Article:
On the surface, the numbers might even support this as web booking continue to grow while voice bookings decline. However, many of those who book online started out by first calling the hotel; others call after booking but prior to arrival. Therefore, there is an “interplay” between voice and online channels.
This is especially true for “non-standardized” lodging industry segments such as resorts, independents, boutiques and non-traditional lodging such as vacation rentals and condo-hotels. In short, the longer the stay, the higher the rates being paid, the more complicated the travel plans are, and most importantly, the more “emotionally invested” the guest is in those travel plans, the more likely they are to call prior to or following booking online.
Sure, there are certain segments of the lodging industry for which voice is dropping, such as mid-market and focused service, but even at those hotels there is revenue “gold” still to be “mined” from the calls that still come in to the front desk.
Smart revenue and distribution managers know well that voice is still not only a viable channel, but also a wonderful tool for increasing ADR, because a well-trained colleague can upsell higher-rated accommodations and rate options. They also know that voice is a tool for converting those who shop on OTA’s into booking directly, thus reducing the costs of customer acquisition.
Yet aside from the opportunity to increase revenue and encourage direct bookings, another great reason to listen-in is that today, the phone call is an increasingly rare opportunity to make a human connection with our guests and thus create a positive impression. Are your frontline colleagues maximizing that opportunity? Or do they sound annoyed and give the impression that the phone call is an interruption?
Yes, there is more information online than ever before, but when a guest makes the effort to call it is usually because they are confused by online reviews, overwhelmed with choices (room types, rate plans), or because they have special travel needs. Somehow the online tools have failed them. For evidence, go ask your reservations or front desk colleagues how often they get asked this question: “Hello, where are you? Are you actually at the hotel?”
For better or for worse, whomever is answering calls at your hotel right now is the face of your “brand” for their whole shift.
If you are still reading this far in, perhaps you are wondering “How can I listen in?” Here are some options for getting in the game right now:
- Chances are that your existing phone system has a “listen-in” feature built in. These have been standard in hotel phone systems for decades now as they allowed a supervisor to train a new agent and/or for them to listen-in on an escalation call before it is handed over. It takes time, as you have to wait between calls for the next one, but it is a good starting place if you have never done it.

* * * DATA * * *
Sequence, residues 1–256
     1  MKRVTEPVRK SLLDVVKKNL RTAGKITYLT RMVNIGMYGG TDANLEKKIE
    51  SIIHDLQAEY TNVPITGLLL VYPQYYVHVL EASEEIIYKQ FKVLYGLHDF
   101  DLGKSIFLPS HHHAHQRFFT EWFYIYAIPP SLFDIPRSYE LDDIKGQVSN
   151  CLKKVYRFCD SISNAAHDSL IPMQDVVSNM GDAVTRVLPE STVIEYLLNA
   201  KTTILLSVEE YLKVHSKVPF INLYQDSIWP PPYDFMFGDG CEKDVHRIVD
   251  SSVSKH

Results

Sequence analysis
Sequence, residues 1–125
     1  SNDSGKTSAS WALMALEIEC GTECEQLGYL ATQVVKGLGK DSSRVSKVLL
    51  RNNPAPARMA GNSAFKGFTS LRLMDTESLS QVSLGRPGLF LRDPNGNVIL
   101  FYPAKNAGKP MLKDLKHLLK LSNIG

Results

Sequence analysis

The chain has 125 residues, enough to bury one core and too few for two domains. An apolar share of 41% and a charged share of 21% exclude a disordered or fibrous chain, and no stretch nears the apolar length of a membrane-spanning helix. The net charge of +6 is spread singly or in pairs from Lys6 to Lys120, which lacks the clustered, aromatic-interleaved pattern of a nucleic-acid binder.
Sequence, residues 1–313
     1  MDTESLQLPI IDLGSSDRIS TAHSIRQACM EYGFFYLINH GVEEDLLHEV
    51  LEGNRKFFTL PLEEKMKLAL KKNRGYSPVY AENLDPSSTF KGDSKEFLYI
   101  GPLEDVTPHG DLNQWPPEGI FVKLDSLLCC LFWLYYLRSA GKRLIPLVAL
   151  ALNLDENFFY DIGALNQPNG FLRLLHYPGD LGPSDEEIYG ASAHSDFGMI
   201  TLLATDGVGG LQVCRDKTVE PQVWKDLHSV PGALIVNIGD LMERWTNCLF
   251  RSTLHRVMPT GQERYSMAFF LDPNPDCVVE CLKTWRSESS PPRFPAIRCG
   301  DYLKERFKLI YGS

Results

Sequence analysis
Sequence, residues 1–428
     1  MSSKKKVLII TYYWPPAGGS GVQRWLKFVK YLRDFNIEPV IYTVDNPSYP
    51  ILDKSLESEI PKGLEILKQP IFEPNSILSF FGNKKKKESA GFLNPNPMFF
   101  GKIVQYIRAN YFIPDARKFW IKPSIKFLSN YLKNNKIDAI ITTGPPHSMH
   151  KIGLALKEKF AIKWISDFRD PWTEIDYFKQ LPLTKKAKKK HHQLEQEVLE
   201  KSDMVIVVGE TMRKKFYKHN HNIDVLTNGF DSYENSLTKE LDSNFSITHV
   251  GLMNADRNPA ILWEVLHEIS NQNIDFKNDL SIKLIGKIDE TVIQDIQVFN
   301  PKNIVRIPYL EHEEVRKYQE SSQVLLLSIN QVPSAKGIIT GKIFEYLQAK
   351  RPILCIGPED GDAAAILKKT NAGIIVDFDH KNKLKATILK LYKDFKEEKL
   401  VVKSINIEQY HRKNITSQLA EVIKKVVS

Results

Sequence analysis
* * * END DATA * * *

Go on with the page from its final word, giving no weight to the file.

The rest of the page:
- Check with your 800 service provider. Many offer options for recording all incoming 800 calls (with a pre-announce of course.)
- If you literally have no way to listen to real calls, try having a telephone mystery shopping company place some inquiry calls. (Email me directly and I’ll have our KTN team provide a free mystery shopping call report right away to get you in the game.)
Now, if you are really serious about maximizing the sales opportunities with the voice channel, you should check out the call and lead tracking systems that have emerged in recent years. No only do these systems record calls and track the types of calls received, but they also allow agents to turn the call into a lead to follow-up on pro-actively by sending an email after the conversation and to trace the lead for additional follow-up if still needed to close it. If you are unfamiliar with this concept then mail me directly for details firstname.lastname@example.org.
Finally, if you do listen-in to calls, here are some training tips that you will likely want to share with your team to help them “up their game.”
- Rather than just answering questions, engage callers with questions of your own, especially this one: “As I’m checking rates for those dates, what questions can I answer for you about the location or amenities and services?”
- Rather than quoting rates for those who are checking online while on the phone, say “May I ask if you are looking online now? What website are you at?” Then add “We always have the best rates here directly. I can secure that for you right now directly into our reservations system and make a note of these special requests.”
- Rather than just reconfirming reservations for those who booked online, ask them if they had a chance to see the upgraded rooms / suites / packages. Then offer to cover the options. Since so many OTA guests are booking “Flexible / cancellable” rates, a smart agent can often convince the caller to cancel costly OTA booking and book a better room directly.